Ethical Leadership as a Balance Between Opposing Neural Networks

Journal of Business Ethics 144 (4):755-770 (2017)
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In this article, we explore the implications of opposing domains theory for developing ethical leaders. Opposing domains theory highlights a neurological tension between analytic reasoning and socioemotional reasoning. Specifically, when we engage in analytic reasoning, we suppress our ability to engage in socioemotional reasoning and vice versa. In this article, we bring together the domains of neuroscience, psychology, and ethics, to inform our theorizing around ethical leadership. We propose that a key issue for ethical leadership is achieving a healthy balance between analytic reasoning and socioemotional reasoning. We argue that organizational culture often encourages too heavy a reliance on nonemotional forms of reasoning to arrive at moral judgments. As a result, leaders run the risk of suppressing their ability to pay attention to the human side of moral dilemmas and, in doing so, dehumanize colleagues, particularly subordinates, and clients.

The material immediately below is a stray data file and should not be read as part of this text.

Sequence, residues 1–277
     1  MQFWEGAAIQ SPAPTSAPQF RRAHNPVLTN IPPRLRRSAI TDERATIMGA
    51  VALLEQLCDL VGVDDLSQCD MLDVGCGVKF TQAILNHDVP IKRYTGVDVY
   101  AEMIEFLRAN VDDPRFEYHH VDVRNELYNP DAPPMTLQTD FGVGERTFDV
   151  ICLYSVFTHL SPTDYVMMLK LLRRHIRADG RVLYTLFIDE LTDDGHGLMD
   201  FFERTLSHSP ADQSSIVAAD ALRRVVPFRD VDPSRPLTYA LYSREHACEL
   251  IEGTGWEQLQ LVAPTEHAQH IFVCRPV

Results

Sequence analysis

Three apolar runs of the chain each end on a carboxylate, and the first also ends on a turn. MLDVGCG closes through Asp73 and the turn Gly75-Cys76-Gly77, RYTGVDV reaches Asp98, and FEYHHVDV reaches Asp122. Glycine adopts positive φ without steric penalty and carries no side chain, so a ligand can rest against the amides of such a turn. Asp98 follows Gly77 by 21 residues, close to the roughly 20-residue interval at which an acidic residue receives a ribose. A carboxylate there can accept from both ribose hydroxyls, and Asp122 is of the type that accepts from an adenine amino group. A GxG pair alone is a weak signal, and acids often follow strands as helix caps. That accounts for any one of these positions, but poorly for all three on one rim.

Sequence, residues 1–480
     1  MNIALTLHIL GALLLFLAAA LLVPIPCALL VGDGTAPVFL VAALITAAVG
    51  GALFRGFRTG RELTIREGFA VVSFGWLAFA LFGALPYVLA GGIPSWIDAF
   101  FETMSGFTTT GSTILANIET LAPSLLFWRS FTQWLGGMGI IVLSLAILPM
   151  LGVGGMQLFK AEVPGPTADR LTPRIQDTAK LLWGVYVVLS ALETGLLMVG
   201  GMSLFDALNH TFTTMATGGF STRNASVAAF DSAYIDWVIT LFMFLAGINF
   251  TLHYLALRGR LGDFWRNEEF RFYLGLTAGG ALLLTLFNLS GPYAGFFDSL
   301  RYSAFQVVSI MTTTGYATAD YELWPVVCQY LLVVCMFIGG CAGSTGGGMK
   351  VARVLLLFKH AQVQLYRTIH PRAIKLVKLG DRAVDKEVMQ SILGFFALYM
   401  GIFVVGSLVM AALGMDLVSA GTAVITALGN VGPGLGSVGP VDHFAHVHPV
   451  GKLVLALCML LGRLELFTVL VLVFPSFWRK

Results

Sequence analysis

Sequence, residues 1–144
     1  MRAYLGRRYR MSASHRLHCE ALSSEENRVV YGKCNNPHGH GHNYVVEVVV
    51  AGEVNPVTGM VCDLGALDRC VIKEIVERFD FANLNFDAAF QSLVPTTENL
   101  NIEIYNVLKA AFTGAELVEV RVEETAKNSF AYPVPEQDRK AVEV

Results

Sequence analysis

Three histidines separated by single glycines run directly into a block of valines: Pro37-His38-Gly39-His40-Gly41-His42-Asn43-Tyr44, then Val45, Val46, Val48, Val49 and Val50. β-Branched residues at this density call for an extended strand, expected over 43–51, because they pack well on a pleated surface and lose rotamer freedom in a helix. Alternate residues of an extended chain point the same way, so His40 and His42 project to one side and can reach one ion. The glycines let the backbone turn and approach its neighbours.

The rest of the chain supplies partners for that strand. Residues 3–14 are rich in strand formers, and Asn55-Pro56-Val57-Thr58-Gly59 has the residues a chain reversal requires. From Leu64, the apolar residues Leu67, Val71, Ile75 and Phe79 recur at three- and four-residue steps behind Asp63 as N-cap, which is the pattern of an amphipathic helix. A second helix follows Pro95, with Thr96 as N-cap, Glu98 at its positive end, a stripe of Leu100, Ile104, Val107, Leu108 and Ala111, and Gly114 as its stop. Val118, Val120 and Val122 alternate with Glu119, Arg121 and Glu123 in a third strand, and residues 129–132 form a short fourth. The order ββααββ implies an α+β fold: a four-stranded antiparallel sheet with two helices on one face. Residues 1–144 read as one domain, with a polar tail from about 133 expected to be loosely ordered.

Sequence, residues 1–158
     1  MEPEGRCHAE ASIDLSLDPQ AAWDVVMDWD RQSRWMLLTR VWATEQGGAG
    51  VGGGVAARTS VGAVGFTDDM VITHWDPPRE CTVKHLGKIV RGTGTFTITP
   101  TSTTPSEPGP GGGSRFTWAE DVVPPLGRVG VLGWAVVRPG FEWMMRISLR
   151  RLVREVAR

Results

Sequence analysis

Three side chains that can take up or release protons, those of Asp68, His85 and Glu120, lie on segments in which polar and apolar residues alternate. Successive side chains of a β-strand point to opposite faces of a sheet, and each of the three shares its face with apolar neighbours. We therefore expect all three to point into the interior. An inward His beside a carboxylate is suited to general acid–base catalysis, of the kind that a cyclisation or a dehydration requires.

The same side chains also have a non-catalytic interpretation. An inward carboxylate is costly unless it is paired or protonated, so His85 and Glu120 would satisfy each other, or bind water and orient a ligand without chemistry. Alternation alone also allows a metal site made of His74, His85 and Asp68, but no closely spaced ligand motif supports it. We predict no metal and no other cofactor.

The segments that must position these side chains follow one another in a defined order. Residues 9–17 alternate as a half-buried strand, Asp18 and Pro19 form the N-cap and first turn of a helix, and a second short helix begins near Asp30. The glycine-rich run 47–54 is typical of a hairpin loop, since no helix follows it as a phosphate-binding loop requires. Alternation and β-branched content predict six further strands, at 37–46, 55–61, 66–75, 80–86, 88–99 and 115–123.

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Author Profiles

Shannon French
Case Western Reserve University
Anthony I. Jack
Case Western Reserve University